Search Results: Greek Sculpture

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Comedy & Tragedy: the Drama of Greek Theatre
Collectionby Mark Cartwright

Comedy & Tragedy: the Drama of Greek Theatre

Greek theatre likely sprang from the lyrical performance of ancient epic poetry and the rituals performed in the worship of the god Dionysos where goats were sacrificed and participants wore masks. From the 6th century BCE, Greek tragedy...
Ganymede
Definitionby Joshua J. Mark

Ganymede

Ganymede (pronounced GAH-nuh-meed) is a youth in Greek mythology who is abducted by Zeus because of his great beauty and brought to Mount Olympus to serve as cupbearer. The story first appears in Homer’s Iliad without any suggestion of a...
Ancient Greek Warfare
Definitionby Mark Cartwright

Ancient Greek Warfare

In the ancient Greek world, warfare was seen as a necessary evil of the human condition. Whether it be small frontier skirmishes between neighbouring city-states, lengthy city-sieges, civil wars, or large-scale battles between multi-alliance...
Daily Life & Religion in Ancient Greece
Lesson Packby Patrick Goodman

Daily Life & Religion in Ancient Greece

We have prepared three lesson plans and two supplemental lesson plans including classroom activities, assignments, homework, and keys as well as: Multiple choice quiz questions in an excel format. Glossary of keywords and concepts...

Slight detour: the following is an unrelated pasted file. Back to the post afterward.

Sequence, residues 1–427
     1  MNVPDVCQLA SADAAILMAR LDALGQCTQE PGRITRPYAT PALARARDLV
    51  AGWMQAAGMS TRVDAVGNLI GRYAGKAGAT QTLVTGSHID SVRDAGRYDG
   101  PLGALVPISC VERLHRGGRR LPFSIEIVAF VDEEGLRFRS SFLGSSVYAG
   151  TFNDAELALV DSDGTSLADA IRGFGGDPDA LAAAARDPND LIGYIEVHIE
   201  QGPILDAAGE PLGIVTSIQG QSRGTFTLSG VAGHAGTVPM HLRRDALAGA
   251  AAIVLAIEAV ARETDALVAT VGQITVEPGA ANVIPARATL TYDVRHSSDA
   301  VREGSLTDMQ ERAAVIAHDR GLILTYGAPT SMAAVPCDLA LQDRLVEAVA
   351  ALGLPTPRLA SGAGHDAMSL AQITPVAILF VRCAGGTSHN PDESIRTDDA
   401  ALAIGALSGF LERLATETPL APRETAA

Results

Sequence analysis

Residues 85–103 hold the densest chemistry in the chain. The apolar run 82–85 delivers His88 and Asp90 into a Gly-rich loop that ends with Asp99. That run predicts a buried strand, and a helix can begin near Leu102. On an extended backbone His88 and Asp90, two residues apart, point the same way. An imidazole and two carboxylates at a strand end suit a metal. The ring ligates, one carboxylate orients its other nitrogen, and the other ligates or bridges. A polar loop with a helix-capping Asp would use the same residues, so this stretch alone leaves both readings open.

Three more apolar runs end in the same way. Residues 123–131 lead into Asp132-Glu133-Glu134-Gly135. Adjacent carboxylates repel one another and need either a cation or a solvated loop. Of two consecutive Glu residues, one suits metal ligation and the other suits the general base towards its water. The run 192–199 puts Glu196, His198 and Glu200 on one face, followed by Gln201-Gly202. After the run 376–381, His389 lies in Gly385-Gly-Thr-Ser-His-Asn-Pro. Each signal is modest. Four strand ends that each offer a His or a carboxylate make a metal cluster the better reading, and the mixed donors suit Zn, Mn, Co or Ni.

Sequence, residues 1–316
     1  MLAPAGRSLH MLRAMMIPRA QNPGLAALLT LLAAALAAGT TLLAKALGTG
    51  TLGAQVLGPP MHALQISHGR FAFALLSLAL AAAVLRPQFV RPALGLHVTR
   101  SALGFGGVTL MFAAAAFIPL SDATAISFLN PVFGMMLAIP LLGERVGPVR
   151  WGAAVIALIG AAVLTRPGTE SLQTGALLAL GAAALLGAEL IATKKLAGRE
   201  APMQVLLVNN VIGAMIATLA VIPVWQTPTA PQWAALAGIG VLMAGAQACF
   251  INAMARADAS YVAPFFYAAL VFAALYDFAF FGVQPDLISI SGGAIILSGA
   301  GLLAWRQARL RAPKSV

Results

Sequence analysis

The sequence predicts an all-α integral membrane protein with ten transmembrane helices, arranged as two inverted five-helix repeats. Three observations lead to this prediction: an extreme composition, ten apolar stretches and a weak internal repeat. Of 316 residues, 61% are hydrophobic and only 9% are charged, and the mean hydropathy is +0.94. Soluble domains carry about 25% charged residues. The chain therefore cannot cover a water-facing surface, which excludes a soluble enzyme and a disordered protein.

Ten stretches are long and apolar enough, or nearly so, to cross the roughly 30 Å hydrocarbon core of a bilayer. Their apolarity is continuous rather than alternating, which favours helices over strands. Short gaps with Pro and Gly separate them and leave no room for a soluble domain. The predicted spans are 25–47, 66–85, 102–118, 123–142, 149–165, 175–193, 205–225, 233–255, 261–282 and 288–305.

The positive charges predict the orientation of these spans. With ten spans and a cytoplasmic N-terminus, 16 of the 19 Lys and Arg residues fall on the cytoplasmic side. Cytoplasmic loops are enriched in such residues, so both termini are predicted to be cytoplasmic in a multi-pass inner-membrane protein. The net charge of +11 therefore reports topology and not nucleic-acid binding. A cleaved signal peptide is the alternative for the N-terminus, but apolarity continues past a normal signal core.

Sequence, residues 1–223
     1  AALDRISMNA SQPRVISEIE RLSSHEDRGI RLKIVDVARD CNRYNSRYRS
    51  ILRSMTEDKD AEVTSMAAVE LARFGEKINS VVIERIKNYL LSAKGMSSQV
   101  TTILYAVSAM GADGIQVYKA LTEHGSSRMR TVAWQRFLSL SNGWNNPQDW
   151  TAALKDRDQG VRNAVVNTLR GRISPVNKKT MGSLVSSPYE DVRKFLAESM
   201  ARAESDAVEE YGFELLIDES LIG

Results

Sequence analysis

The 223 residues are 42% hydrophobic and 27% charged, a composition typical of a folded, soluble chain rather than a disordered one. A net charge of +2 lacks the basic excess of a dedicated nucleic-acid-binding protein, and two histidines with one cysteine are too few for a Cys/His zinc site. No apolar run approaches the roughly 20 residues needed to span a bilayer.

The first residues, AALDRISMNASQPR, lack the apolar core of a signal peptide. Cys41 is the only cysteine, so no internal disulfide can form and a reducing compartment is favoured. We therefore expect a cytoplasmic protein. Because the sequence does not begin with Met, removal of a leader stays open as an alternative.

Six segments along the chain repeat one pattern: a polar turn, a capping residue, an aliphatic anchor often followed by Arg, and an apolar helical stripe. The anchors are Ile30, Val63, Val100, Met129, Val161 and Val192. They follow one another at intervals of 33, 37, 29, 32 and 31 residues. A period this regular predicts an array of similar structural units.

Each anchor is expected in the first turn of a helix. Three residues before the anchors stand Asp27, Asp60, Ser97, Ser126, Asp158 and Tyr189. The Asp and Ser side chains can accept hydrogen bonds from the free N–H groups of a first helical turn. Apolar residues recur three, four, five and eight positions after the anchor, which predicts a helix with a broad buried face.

Ancient Greek Coinage
Definitionby Mark Cartwright

Ancient Greek Coinage

The coinage of ancient Greece has given us some of the most recognisable images from antiquity as they were stamped with designs to proudly declare the identity of the city which minted them and guarantee their value. One of the great archaeological...
Delos Lion Sculpture
Imageby SquinchPix.com

Delos Lion Sculpture

A lion sculpture in marble from the island of Delos in the Greek Cyclades, 7th century BCE (this is a replica as the originals are now in the museum of Delos). Orignally nine or even as many as 16 lions lined an avenue in the sanctuary complex...
Agamemnon (Play)
Definitionby Donald L. Wasson

Agamemnon (Play)

The play Agamemnon was written by one of the greatest Greek tragedians Aeschylus (c. 525 – 455 BCE), “Father of Greek Tragedy.” Older than both Sophocles and Euripides, he was the most popular and influential of all tragedians...
Ancient Olympic Games
Definitionby Mark Cartwright

Ancient Olympic Games

The ancient Olympic Games were a sporting event held every four years at the sacred site of Olympia, in the western Peloponnese, in honour of Zeus, the supreme god of the Greek religion. The games, held from 776 BCE to 393 CE, involved participants...
Greco-Bactrian and Indo-Greek Kingdoms in Ancient Texts
Articleby Antoine Simonin

Greco-Bactrian and Indo-Greek Kingdoms in Ancient Texts

The rarity of the appearance of Greco-Bactrian and Indo-Greek kingdoms in ancient literature is one of the reasons why those states are so little-known today. Indo-Greek literature did exist, but none has been found that speaks about the...
Theatre of Dionysos Eleuthereus
Articleby Mark Cartwright

Theatre of Dionysos Eleuthereus

The theatre of Dionysos Eleuthereus on the south slope of the acropolis of Athens was first built in the 6th century BCE. Modified and expanded over the centuries, it is the oldest Greek theatre and is the site where some of the most famous...
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